Characterization of vascular damage and hypoxia in experimental head and neck squamous cell carcinomas after irradiation with photons, protons and carbon ions for the validation of bio-mathematical models

Project leaders:
Dr. Christin Glowa (1,2,3,4) (c.glowa[at], Phone: +49-6221-422444)
Prof. Christian Karger (2,3,4) (c.karger[at], Phone: +49-6221-5638965)
Dr. Rebecca Bütof (3,5,6,7) (rebecca.buetof[at], Phone: +49-351-458-18958)
Dr. Antje Dietrich (3,5,6) (antje.dietrich[at], Phone: +49-351-458-7404)

1) Universitätsklinikum Heidelberg, Abt. Radioonkologie und Strahlentherapie
2) Deutsches Krebsforschungszentrum, Abt. Med. Physik i. d. Strahlentherapie
3) National Center for Radiation Research in Oncology (NCRO)
4) Heidelberg Institute for Radiation Research in Radiation Oncology (HIRO)
5) Universitätsklinikum Dresden, Abt. Strahlentherapie u. Radioonkologie
6) OncoRay Dresden
7) National Center for Tumor Diseases (NCT), partner site Dresden, Germany

Funded since: August 2016

Project rationale

The aim of the project is the collection of experimental data for the development and validation of bio-mathematical tumor response models. To achieve this, the tumor’s oxygenation status is obtained before and after conventional and hypo-fractionated irradiation with photons, protons and carbon ions. Parameters with relevance to the tumor’s oxygenation status are obtained by methods of imaging and histology and are then compared with regard to the type of irradiation and the fractionation schema.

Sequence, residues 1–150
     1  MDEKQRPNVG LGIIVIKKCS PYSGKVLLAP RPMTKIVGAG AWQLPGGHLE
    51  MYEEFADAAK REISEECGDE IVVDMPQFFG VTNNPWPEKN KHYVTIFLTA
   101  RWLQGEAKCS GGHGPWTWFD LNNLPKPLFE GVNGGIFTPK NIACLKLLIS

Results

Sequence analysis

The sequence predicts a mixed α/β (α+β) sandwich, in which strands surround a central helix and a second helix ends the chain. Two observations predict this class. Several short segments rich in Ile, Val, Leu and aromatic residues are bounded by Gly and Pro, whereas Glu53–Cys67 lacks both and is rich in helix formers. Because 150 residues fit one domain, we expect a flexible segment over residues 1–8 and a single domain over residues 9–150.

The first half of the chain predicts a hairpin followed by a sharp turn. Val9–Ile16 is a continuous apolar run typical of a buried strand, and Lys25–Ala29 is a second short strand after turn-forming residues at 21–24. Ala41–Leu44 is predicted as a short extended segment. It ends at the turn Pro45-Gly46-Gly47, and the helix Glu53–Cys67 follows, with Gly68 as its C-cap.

Based on the scanned histological samples, a three-dimensional dataset representing the tumor’s vessel architecture is to be generated. This dataset is then in turn intended to serve as input for simulations that calculate the impact of the vessel architecture upon the tissue’s response-relevant oxygen distribution. The results serve the testing and the advancement of tumor response models. Moreover, the acquired data from the histological methods and the preclinical imaging can be analyzed for different treatment modalities and the fractionation schema’s impact on hypoxia, perfusion and vascularization at different time points during the treatment. This potentially also allows for the extraction of predictive parameters for acute and chronic hypoxia.

Proton radiography image of a mouse based upon the visualization of small angle proton scattering in the object. The acquired information can be used for the positioning of small animals at experimental beamlines and hence also for image-guided proton irradiation of small animals (Müller, J. et al. Proton radiography for inline treatment planning and positioning verification of small animals. Acta Oncol. 1–7 (2017))